#9 -- From 1838 until approximately 1847, Sand and Chopin are together. By all accounts, they have a warm and loving relationship. Although they never marry, they are treated as a married couple. He gets along fairly well with Sand's son and very well with her daughter, Solange, whom he gives piano lessons to. They spend most of their time at Sand's home in Nohant (pictured here), in central France, returning to Paris only during the winter months. It is stated that Chopin is the happiest in Nohant he's ever been since leaving his family home in Poland. He is very busy composing, and while he has several near-death health scares, he is able to recover under Sand's watchful eye.
#10 -- During one of Chopin's seriously ill periods, Sand writes to a friend: "I know that many people accuse me; some say that I harmed him with my violent sensuality, others that I harmed him with my excesses."
#11 -- By 1845, Chopin's health is beginning to permanently deteriorate. His relationship with Sand is showing signs of strain, partially due to 2 other influences besides his health -- the fact that Chopin had sided with Sand's daughter Solange concerning a romantic involvement and the fact that Sand's son Maurice had begun taking a increasing hostile attitude toward Chopin and the time that Sand spent with him. The final break occurs in July 1847.
#12 -- The devasting blow compromises Chopin both physically and emotionally although he does maintain a close relationship with Sand's daughter Solange. He composes very little music after the break up and becomes increasingly ill. He gives his last public performance in London on November 16, 1848 and returns to Paris several days later. His pronounced tuberculosis makes tutoring impossible. Eventually, his sister comes from Poland to help nurse him as he is no longer able to care for or even support himself. Pictured is the last piano he used.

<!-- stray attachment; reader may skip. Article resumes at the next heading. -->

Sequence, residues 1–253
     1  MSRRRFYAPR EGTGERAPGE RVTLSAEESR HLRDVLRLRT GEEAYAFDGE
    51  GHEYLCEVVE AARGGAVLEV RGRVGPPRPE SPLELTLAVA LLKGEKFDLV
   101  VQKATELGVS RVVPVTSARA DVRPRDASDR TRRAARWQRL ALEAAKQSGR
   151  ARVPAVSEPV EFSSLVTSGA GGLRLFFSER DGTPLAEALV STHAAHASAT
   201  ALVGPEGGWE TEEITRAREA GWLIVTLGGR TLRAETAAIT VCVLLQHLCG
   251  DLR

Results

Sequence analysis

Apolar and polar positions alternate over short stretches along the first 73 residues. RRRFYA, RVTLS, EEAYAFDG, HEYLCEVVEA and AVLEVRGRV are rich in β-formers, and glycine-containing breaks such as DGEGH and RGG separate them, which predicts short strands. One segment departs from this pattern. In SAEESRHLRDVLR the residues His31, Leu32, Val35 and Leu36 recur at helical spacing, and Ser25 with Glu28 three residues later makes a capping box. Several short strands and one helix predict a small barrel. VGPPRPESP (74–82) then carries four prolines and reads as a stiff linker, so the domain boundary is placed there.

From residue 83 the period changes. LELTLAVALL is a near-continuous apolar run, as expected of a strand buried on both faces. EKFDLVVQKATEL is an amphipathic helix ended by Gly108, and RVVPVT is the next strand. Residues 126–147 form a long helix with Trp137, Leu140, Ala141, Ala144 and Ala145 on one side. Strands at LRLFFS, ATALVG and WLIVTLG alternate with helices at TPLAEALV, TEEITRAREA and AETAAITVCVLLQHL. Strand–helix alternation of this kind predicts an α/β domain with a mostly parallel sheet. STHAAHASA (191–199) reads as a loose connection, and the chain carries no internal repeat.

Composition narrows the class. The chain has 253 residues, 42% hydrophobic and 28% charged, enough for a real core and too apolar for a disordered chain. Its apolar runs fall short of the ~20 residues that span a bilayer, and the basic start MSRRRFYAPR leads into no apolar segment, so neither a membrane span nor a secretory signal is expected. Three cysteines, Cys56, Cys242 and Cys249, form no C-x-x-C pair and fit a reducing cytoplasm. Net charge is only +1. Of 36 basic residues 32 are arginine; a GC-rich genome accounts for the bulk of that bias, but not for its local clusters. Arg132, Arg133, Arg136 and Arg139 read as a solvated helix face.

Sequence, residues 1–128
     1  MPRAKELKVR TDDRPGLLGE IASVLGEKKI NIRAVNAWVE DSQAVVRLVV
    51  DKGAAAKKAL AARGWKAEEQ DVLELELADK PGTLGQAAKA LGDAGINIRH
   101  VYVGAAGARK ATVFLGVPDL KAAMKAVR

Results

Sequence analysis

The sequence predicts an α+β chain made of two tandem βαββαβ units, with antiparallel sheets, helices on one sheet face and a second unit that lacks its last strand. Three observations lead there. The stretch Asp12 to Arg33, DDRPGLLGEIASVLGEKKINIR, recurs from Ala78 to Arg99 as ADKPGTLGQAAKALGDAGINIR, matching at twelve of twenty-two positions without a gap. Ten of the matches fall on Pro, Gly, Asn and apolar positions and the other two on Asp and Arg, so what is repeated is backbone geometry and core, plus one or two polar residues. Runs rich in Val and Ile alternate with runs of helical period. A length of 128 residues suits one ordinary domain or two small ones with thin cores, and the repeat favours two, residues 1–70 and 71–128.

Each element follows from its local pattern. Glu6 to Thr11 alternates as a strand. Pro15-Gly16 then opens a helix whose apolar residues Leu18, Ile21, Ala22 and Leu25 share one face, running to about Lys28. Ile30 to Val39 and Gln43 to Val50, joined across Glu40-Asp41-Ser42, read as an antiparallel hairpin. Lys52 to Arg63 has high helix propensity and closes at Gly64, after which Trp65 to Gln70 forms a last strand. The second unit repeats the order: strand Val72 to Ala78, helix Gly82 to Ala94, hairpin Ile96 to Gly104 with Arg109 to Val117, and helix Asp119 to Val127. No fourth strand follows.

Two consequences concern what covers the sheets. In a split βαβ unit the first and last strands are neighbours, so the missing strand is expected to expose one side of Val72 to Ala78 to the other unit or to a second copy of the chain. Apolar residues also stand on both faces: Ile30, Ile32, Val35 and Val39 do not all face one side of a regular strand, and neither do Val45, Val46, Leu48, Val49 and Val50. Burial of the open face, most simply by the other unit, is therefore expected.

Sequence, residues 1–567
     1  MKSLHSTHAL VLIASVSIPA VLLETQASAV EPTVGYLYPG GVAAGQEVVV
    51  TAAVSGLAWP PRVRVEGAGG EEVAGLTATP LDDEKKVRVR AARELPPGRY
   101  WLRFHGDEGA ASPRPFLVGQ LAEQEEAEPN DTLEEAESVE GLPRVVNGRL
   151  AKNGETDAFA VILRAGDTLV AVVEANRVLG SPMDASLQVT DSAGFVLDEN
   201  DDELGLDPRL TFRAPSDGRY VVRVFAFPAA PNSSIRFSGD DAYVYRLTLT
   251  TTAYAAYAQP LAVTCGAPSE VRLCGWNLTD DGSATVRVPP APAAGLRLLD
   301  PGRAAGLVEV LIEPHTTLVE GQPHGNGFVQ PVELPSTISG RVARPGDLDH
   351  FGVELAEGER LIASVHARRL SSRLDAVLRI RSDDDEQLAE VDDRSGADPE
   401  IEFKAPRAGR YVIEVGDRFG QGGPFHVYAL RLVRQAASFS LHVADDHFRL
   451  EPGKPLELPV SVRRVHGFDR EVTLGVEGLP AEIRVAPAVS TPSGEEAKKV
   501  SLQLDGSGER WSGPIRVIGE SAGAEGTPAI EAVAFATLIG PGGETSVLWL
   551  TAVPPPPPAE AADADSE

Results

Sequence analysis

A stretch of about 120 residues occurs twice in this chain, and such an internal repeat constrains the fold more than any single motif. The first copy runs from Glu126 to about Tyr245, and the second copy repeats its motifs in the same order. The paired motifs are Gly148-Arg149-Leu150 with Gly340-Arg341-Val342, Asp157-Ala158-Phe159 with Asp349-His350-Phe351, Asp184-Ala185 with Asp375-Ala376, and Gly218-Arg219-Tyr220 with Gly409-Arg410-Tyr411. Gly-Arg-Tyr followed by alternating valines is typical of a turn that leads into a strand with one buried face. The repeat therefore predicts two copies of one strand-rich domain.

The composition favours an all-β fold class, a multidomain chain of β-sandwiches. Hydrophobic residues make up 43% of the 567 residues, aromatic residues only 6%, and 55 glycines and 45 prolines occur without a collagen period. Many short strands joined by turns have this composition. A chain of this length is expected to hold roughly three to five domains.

Frederick Chopin dies in Paris on October 17, 1849 at approximately 2am. It is rumored that Sand's daughter Solange is with him at the time of his death.
#13 -- Chopin's will is followed to the letter. He requested that after death, his heart be removed from his body and returned to Poland. His sister brings Frederick's heart back in an urn, where it is interred in a pillar of the Holy Cross Church in Krakowskie Przedmiescie. His body is buried in the Pere-Lachaise cemetery in Paris.
Chopin's hand notation of the Sonata in G minor, Op 65:
Wednesday, February 20, 2008
We were big faves of Frederick Chopin as I was growing up and I've carried that love into my adult life. My mother and I would watch "A Song To Remember" (Cornel Wilde played a robust Frederick and Merle Oberon played a beautiful Georg Sand, which right there tells you it's a movie...because he wasn't robust and she wasn't THAT beautiful) but we'd get all weepy about his love for his native Poland, the gal he left behind (maybe fact, maybe fiction) and his slow, horrid death from tuberculosis at 39. The relationship between and Chopin and Georg Sand really is the stuff of romance novels...the tortured pianist and the feminist writer...and his short life was certainly filled with love and music, pain and loss.
So here are 13 Things About Frederick Chopin
#1 -- He was born here as Fryderyk [Franciszek] Chopin on March 1, 1810 in the village of Żelazowa Wola, near Warsaw Poland. There is some confusion over when he was actually born. There is no known birth certificate, and his mother filled out the birth date on his baptismal certificate as February 22, 1810. So in other words, he was born March 1, give or take.
#2 -- His father Nicolas (translated into Polish as Mikołaj) was a French expatriot originally from Lorraine. He emigrated to Poland in 1787 at the age of 16 and served in the Polish National Guard. He eventually went to Żelazowa Wola and secured a post as a tutor to some aristocratic families. He met and fell in love with Tekla Justyna Krzyżanowska, whom he married.
#3 Fryderyk (Frederick) Chopin was the couple's third child, the first boy. He inherited his mother's blue eyes and fair hair and skin, but his small frame and frail health from his father.
#4 -- The Chopins were by no means destitute. In 1817 Mikołaj Chopin became a teacher of French at the Warsaw Lyceum, housed in Warsaw University. The family lived in a spacious second-floor apartment in an adjacent building. Even though Chopin's father was French and taught the language, Polish was spoken exclusively in the family home and Chopin never did master the French language, even after living in Paris for many years.